Concept of fairness

The evolution of cooperation is one of the most important transitions in evolutionary history. The factors favoring cooperation over selfish interests have kept biologist busy over the last century. This “old” paper examined “inequality aversion” or the “sense of fairness” in brown capuchin monkey as a potential factor promoting group cohesion and cooperation.

The experiment was rather simple. The researchers challenged two monkeys (who could observe each other) with a simple task, but rewarded them unequal. One monkey consistently got a low quality reward, while the other one always got a high quality reward for exactly the same amount of work. Watch what happens!

the paper can be found here

the video can be found here

 

Planting false memories

I stumbled upon a pretty cool paper recently published in Science: “Creating a False Memory in the Hippocampus”. A group of scientists at the Massachusetts Institute of Technology were able to plant false memory directly into mice brains, making them afraid of places they had no reason to fear.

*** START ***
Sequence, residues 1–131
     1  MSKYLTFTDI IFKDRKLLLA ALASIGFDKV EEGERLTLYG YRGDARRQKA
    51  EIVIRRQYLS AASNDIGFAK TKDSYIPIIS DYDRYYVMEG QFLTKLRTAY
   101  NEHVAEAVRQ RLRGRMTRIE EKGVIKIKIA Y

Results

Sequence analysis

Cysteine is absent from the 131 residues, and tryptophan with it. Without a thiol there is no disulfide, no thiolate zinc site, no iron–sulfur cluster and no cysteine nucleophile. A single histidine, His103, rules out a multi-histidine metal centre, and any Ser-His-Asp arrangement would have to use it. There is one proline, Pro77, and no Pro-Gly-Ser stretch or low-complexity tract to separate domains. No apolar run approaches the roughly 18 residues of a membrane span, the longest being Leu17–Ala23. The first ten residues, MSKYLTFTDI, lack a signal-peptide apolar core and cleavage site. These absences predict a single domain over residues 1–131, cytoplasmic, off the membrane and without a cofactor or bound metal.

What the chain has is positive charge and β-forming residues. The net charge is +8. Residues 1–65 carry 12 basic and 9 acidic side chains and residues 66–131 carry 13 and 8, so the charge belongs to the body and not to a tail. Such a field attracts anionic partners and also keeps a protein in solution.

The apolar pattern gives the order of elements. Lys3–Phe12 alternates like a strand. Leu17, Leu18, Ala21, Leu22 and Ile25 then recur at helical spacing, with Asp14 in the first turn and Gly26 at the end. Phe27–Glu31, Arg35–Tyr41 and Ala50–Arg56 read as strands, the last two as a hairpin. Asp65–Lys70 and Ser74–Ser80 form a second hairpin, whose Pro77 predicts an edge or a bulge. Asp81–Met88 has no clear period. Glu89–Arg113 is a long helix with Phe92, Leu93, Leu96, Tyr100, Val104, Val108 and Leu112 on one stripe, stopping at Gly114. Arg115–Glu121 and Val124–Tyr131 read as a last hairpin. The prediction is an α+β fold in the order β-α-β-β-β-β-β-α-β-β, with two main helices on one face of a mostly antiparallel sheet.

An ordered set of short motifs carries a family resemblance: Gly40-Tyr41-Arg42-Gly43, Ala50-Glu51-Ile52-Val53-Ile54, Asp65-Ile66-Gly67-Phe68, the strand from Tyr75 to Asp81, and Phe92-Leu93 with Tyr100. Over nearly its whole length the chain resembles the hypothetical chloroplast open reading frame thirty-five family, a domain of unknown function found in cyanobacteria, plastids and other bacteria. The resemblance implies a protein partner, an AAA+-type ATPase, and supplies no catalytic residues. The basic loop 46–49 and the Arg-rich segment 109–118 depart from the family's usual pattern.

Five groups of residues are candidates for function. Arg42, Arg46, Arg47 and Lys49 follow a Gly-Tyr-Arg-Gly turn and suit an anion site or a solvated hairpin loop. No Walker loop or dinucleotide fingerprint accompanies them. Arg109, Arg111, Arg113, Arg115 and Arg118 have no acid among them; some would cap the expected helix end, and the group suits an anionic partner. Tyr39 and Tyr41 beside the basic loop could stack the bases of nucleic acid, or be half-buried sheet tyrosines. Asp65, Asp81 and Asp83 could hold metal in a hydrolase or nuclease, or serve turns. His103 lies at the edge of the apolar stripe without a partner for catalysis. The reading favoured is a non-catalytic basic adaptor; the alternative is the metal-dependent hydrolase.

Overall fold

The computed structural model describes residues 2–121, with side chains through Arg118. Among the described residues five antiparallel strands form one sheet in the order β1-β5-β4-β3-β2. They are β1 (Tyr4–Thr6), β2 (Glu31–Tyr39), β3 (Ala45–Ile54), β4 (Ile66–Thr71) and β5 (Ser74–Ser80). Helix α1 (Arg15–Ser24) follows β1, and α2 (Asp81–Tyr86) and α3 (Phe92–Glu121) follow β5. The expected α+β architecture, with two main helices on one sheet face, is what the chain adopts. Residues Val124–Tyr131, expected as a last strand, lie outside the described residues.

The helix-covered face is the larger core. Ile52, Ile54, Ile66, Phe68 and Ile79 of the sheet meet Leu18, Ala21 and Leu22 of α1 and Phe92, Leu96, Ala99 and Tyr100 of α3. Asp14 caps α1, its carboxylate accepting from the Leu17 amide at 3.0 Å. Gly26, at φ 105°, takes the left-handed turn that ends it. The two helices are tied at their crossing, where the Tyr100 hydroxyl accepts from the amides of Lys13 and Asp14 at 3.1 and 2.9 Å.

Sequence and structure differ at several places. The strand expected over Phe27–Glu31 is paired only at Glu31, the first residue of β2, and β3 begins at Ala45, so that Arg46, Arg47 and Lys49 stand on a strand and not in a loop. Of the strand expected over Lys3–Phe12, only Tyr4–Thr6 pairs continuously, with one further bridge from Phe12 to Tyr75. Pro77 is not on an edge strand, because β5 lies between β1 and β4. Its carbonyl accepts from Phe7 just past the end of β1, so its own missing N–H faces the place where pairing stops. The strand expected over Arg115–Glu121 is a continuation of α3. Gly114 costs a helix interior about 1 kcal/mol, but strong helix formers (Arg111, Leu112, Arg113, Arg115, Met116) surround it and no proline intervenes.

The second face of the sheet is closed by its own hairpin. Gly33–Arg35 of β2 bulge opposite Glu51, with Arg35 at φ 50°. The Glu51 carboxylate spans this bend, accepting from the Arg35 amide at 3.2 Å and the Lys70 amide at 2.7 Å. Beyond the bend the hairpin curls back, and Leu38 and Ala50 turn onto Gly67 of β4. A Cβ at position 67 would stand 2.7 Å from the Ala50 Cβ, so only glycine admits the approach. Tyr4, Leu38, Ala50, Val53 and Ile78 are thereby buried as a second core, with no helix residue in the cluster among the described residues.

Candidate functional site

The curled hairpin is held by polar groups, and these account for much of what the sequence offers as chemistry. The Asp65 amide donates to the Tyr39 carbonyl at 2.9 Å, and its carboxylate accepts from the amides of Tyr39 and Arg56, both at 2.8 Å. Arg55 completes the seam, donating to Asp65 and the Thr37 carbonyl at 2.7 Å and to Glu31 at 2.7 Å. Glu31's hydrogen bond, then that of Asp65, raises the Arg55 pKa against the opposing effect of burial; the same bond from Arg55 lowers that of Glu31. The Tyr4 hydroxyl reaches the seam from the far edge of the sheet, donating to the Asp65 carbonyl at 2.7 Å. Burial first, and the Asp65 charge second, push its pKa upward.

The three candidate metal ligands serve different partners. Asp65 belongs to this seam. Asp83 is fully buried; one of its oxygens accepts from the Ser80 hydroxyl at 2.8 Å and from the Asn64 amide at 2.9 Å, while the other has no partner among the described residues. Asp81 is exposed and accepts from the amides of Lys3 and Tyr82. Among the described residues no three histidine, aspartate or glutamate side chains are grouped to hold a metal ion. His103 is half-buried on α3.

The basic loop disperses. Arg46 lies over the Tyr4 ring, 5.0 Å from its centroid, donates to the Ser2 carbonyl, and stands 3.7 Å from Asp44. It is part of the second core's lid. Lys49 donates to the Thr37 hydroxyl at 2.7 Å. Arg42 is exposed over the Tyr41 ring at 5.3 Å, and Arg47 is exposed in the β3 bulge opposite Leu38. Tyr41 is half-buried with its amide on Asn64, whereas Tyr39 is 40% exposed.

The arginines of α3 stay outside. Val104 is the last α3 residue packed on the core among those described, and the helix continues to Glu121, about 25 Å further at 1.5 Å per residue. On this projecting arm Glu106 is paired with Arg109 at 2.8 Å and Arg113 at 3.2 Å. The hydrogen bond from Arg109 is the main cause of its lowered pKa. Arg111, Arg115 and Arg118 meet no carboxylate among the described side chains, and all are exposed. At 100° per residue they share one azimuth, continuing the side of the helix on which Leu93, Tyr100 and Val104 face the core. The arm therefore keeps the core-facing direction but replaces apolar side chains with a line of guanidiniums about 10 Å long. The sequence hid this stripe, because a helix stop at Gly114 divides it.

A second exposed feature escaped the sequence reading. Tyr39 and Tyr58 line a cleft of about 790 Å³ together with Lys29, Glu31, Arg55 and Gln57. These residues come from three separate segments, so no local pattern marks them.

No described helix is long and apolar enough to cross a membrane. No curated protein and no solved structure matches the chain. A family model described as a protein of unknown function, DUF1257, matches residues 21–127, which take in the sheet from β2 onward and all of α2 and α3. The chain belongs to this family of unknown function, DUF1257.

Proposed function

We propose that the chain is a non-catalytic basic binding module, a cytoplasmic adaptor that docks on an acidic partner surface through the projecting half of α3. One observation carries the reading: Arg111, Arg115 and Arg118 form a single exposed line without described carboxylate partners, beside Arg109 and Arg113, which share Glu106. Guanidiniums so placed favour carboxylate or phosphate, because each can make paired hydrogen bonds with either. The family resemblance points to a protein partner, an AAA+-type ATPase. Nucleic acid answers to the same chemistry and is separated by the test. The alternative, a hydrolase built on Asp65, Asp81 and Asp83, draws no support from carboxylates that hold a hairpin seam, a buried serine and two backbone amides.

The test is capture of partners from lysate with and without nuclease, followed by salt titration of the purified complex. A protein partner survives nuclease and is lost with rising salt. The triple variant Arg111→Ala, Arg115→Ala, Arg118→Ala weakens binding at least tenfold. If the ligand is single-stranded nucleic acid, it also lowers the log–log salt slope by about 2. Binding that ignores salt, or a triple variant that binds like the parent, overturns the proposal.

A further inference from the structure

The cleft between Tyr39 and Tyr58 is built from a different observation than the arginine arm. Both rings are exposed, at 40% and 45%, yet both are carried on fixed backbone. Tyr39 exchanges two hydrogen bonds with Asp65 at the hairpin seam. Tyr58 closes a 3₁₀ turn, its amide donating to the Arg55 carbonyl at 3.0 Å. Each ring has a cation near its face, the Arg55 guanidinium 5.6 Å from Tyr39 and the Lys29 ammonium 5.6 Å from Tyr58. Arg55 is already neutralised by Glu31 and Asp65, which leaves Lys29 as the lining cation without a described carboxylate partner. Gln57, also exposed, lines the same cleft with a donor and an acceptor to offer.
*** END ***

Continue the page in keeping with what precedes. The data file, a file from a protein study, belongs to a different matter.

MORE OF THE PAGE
They used a nifty technique called optogenetics to implant the false fear memory. Using viruses as carrier, the scientists were able to inserted a light sensitive protein switch (microbial opsin) directly into neurones which are known to play a key role during memory formation and are particularly active during the exploration of new territories.

The researcher allowed the mice to explore an area, lets call it place 1, without any experimental manipulation. On the following day they reactivated the neurones which were active during the exploration of place 1 and applied a small electric shock at the same time. When placing the mice back into place 1 mice showed a place specific and characteristic fear response without ever experiencing harm in place 1.

We will never know what exactly the mice “remembered”, but I think this is one further step in understanding the complex process of memory formation demonstrating the power of optogenetic tools in neuroscience. However, thinking about the potential consequences if this method is further developed feels scary! An interesting paper if you have access to it!

The paper can be found here

And further information on optogenetics can be downloaded here